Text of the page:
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Why I’m Not a Fan of Autism Awareness Month as Someone on the Spectrum

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It’s officially Autism Awareness Month. The purpose of this time of year is to provide recognition of autism to people who are not familiar with the condition. This month may be exciting for some people with autism and parents of children with autism, but I have a lot of opinions about this time of year. Even though I was diagnosed with the condition at the age of 12, I was always annoyed with Autism Awareness Month and still have doubts about it today.

One of the reasons I don’t like Autism Awareness Month is because of how some people treat it. For example, they “offer support” by posting hashtags and memes. To me, the hashtags and memes convey an illusion of autism rather than the reality. Many people don’t think about what autism really is. My social media is flooded with articles, such as “Irmo girl agrees to go to prom with Edisto High School student who has autism” and “This student withdrew from prom court to clear the way for his friend, who has autism, to win prom king.” To me, the writers of the articles are trying to make the “girl” and “student” who “withdrew from prom court” look like heroes just for being decent human beings to people with autism. People with autism are human beings and have the same rights to be treated with kindness as everyone else.

Another reason I have doubts about Autism Awareness Month is that I feel the pressure to be a “positive” inspiration to other people. Yes, it’s wonderful to share your obstacles and how you overcame them, but does it mean I have to dismiss my own feelings? Why am I an inspiration? Is it because I have autism and still exist? I have heard, “I don’t think I could actually do it if I was in your place” countless times. Honestly, it is hurtful and invalidating. Sometimes, I feel like I’m not allowed to discuss my low self-esteem and exhaustion associated with autism. I’m tired of others using this condition to alleviate their circumstances by saying, “Oh, at least I don’t have autism” or “I don’t have a child with autism.” I have no interest in being a reminder to others that things could be worse. I’m not interested in being used to benefit people who don’t have autism. Why does autism have to be the worst thing in the world? Why do we have to be punished by society for having conditions that we do not ask for?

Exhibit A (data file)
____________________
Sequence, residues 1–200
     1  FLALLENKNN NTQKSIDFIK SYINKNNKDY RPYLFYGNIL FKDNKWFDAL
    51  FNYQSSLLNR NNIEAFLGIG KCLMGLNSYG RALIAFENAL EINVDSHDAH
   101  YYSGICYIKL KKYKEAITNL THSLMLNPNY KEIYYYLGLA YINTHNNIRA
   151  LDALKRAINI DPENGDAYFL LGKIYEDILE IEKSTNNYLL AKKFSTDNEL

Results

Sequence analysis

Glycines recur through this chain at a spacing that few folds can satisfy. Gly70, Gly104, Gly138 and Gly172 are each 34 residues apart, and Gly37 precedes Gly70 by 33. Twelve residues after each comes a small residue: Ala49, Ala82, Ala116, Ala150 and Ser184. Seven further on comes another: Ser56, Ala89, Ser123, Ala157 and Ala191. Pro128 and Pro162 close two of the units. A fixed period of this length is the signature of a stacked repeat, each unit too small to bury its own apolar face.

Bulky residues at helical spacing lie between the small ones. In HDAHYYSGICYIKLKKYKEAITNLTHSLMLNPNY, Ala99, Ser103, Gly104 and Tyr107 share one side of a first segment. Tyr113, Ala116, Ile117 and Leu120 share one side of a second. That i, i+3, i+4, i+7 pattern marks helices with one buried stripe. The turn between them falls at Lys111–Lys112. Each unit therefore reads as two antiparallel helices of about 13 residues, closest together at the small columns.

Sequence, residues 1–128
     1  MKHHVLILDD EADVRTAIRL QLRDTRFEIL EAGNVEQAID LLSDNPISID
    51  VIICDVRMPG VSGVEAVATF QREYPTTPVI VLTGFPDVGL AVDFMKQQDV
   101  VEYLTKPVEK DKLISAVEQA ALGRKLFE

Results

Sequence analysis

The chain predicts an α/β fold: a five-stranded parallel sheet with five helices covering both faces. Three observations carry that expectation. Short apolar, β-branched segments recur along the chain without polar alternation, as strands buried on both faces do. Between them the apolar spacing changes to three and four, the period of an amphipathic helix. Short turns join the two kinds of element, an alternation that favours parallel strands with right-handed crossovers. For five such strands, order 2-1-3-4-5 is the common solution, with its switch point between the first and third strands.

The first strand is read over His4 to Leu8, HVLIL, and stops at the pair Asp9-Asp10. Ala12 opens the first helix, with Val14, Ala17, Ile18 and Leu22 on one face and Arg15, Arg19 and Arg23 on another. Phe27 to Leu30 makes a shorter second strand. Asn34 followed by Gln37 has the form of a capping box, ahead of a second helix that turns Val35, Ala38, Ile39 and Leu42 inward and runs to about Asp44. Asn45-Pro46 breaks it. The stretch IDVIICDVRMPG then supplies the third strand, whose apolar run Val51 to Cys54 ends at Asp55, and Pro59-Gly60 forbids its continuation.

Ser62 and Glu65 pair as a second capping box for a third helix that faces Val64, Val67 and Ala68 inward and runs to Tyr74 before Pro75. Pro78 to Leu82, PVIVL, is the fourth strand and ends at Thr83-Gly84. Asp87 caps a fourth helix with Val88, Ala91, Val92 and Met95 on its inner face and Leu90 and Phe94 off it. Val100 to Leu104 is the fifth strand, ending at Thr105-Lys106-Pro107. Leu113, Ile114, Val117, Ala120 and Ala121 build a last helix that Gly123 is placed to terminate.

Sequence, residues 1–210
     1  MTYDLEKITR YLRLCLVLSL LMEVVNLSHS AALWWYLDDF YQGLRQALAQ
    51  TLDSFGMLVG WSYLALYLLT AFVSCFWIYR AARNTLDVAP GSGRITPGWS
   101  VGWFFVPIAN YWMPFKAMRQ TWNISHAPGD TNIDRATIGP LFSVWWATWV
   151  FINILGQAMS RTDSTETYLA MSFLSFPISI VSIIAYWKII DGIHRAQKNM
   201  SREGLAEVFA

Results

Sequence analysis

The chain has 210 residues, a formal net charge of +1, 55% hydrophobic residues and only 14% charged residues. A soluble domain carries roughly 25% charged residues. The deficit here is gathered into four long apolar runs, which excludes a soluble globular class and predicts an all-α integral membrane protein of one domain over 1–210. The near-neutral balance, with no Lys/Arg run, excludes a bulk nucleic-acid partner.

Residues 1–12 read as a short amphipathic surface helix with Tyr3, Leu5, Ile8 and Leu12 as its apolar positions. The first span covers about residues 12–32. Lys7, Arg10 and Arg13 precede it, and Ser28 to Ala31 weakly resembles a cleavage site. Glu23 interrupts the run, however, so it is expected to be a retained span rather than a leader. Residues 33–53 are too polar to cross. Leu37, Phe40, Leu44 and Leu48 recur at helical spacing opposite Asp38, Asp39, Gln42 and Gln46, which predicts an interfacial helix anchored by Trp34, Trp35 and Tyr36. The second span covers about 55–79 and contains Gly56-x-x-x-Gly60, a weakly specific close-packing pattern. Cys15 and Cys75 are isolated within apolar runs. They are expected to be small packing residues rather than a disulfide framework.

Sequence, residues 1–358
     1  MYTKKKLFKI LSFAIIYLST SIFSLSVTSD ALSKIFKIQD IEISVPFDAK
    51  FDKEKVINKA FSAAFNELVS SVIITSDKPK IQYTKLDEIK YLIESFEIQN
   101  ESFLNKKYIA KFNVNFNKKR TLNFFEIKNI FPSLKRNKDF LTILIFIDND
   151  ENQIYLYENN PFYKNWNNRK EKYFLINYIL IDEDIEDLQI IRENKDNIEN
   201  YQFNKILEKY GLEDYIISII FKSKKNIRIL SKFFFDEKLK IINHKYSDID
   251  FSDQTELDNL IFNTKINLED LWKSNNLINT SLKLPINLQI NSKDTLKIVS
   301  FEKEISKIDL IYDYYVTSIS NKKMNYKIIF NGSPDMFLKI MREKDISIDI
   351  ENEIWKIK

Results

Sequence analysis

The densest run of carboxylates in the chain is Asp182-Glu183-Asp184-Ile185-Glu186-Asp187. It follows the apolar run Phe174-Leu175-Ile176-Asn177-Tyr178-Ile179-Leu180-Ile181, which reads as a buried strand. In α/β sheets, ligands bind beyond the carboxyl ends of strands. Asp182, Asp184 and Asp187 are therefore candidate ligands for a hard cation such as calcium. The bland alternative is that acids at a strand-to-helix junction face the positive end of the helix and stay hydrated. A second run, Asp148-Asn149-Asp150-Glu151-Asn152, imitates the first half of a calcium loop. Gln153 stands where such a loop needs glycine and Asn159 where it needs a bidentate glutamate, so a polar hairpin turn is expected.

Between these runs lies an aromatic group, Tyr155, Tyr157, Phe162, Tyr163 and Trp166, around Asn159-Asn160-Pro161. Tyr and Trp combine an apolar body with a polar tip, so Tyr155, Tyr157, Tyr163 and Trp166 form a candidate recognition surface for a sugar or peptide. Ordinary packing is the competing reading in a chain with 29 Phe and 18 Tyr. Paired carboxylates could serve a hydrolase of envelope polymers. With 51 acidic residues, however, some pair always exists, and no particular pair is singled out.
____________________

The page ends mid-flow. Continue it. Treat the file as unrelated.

I will always do my best to listen to my loved ones, despite my troubles with interpretations and sensory overload. I try to socialize as much as I can, despite being anxious in random places during random times. I’m not “tough” for having this condition. Nobody should be defined by their hardships. Instead, what matters is the choices we make. I’m not crediting my condition for making me strong. My autism made me cry and made me feel weak. I’ve felt like I wasn’t good enough. But I decided to be strong. I decided to be a kind person. I decided to earn a college degree. I decided to pursue a career. I did all of those things despite my challenges and shortcomings.

Another reason why I don’t like Autism Awareness Month is that I still feel marginalized. I feel excluded because I am a woman with that condition. Men with autism are more talked about than women with autism, just like men are diagnosed more than women. According to doctors and researchers, it’s harder to diagnose females because they are more likely to “mask” (which is hiding “autistic” traits to avoid judgment and prejudice) than boys. I was not the exception. I have been told that I don’t “seem to be autistic” because of autism being considered a “male condition” and due to my ability to “mask.” I can convince people that I am neurotypical by making eye contact, imitating appropriate body language, and bottling up “stims.” I wonder why I would even want to, or why I feel that I have to mask since masking is exhausting. Lots of females with autism went undiagnosed up until their 40s, even 50s, while males are often diagnosed when they are still toddlers.

My other issue is the word “awareness.” You can be aware of a condition and still have prejudice. Being aware of autism is like paying attention to a classmate. You’re either going to be kind to your classmate or be a bully. By being aware of autism, you’re either going to discriminate or accept. As Emily Forsyth mentions, there is a difference between awareness and acceptance. Awareness is a start, but it’s not enough.

I don’t presume to speak for all people on the spectrum. This is based on my journey and experiences. Although April is a month devoted to autism, I do not see why people cannot continue to educate themselves throughout the year. Any time is a good time to educate yourself on a new subject. I hope that Autism Awareness Month leads to not only being aware of the existence of the condition, but further conversations about acceptance, education, and empathy.

Getty image by Salvadorova.

Originally published: April 19, 2022
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